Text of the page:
Red Dragon: Light but no Heat, p. 3

The Tooth Fairy is actually Francis Dolarhyde (Fiennes), a hare-lipped muscleman, whose cleft palate required many childhood surgeries and the extraction of all his upper teeth. The novel details his abuse as a child at the hands of his cruel grandmother, the beatings, the destruction of his self-image, and ultimately, the castration that leaves Dolarhyde a physically and mentally twisted man-child. And Michael Mann's highly stylized film spends considerable time dwelling in Dolarhyde's painful insecurities; we see the spectrum of the killer's emotions and understand his killing sprees as moments of resolution for Dolarhyde, not moments of madness. The result in Manhunter is a killer like Lecter: a monster we can identify with -- like Shakespeare's Shylock, a monster all the more fearsome for being human. Yet in Red Dragon, he's a typical victim of abuse, prone to snap unpredictably.

Demographics seem to have killed the Lecter franchise. Silence of the Lambs was a film that had ambivalence (from a killer who fascinated us), real terror (from a protagonist deep enough for us to identify with), and originality (from the unusual format in which the scariest person onscreen is not the hunted killer). All highbrow values, now replaced by good-versus-evil, loud noises to scare us, and easy-to-understand formulas of why bad people act as they do and how good people catch 'em. Good lowbrow values. Oh well.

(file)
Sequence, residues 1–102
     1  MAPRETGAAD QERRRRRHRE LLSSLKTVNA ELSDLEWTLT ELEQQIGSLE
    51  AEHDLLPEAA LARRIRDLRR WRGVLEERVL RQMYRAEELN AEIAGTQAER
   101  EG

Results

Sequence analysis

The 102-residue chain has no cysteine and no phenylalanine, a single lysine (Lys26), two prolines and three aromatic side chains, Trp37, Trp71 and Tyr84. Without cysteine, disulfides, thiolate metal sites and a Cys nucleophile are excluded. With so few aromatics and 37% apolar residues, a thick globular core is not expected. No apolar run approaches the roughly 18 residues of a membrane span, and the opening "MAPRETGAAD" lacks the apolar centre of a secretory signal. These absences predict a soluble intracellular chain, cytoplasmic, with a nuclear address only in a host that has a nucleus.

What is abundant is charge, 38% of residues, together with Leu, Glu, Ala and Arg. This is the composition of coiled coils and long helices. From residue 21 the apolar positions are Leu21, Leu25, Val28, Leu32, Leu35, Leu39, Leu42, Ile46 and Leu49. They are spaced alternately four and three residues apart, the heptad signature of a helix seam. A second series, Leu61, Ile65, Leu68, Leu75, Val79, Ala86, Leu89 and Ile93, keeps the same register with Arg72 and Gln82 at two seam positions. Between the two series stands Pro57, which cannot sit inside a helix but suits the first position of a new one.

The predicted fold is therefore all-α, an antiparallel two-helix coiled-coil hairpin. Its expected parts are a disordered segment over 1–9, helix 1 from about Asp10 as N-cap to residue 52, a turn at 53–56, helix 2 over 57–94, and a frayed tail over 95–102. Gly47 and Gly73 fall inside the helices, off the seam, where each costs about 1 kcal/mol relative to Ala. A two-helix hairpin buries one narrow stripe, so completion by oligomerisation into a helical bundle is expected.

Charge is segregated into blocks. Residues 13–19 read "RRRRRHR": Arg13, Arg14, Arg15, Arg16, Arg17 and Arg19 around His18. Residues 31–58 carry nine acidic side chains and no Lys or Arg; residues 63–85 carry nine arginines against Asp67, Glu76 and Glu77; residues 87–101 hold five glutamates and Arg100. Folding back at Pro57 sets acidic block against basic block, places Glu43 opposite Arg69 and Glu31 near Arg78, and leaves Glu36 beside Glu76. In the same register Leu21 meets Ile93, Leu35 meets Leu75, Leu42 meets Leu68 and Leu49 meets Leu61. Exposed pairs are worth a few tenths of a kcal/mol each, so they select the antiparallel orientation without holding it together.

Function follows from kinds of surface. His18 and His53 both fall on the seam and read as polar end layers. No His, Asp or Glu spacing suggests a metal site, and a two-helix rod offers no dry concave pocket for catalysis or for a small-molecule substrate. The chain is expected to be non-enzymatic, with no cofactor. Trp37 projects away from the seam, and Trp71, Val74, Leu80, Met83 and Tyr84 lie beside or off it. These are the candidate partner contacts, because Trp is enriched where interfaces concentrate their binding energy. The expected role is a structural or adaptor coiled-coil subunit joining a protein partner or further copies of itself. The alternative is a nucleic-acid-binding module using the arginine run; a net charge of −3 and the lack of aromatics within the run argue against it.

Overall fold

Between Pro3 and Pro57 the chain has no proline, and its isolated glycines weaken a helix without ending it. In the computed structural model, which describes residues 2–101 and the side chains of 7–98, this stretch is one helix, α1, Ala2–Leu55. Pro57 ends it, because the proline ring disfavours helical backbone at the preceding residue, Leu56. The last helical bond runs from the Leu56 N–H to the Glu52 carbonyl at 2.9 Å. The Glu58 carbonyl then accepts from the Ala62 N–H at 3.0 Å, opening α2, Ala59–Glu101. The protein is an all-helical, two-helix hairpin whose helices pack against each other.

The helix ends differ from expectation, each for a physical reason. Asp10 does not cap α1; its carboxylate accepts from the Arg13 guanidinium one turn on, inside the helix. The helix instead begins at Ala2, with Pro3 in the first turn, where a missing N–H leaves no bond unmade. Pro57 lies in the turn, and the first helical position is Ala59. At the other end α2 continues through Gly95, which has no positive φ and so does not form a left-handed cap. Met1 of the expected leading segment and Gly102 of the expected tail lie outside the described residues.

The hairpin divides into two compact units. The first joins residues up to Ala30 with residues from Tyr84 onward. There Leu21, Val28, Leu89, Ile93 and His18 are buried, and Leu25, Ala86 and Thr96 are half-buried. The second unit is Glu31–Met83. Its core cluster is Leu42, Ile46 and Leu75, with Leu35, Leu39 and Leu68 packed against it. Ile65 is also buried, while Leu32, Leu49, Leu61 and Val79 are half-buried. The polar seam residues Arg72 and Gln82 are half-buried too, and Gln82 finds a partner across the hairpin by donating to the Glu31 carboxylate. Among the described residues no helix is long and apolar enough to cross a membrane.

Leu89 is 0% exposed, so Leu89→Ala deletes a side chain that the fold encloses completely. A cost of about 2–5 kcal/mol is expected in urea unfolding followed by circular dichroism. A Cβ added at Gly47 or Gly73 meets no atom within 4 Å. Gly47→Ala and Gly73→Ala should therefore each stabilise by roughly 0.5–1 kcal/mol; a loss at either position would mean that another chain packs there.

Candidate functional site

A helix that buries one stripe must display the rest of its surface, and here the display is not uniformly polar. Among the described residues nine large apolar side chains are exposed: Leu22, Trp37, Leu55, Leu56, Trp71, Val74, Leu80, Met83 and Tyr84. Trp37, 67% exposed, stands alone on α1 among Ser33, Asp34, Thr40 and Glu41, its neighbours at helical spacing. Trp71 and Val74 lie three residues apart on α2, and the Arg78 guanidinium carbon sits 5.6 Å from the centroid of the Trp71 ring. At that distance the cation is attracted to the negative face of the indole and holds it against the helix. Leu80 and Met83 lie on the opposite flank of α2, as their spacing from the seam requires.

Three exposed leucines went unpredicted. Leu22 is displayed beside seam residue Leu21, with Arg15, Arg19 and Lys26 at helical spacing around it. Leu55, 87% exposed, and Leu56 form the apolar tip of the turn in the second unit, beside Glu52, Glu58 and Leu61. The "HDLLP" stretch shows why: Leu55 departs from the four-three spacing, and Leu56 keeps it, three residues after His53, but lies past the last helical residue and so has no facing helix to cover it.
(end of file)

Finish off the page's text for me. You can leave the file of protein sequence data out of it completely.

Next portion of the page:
Red Dragon is not a Hannibal Lecter film. Thematically, it doesn't plumb the depths of the mind of a serial killer, inviting us to be seduced by him; Lecter would find the film a bore. But even in terms of plot, Lecter is not the center of the film; the manhunter Graham is. Yet because Lecter is the franchise, we spend more time with him than he deserves, watching him pace around his cage and offer trivial insights on the case. Graham could be an interesting character: an agent who, like the film's audience itself perhaps, is drawn to and corrupted by violence. Yet there is a distinct lack of catharsis in Graham as there was with Clarice Starling. Like a typical Hollywood hero, he goes through his ordeal, but - Lecter's and Dolarhyde's seductions notwithstanding -- is not transformed by it.

As a consequence, Red Dragon fails to form a satisfying emotional whole. Ratner manages a few scares, usually prompted by an abrupt cut or a blast of sound, but the pervasive sense of dread of Silence never materializes. Red Dragon has an appealing outer shell and good ingredients, but lacks sufficient meat to sink your teeth into.

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Still from Red Dragon:
Glen Wilson, (c) 2002 Universal Studios

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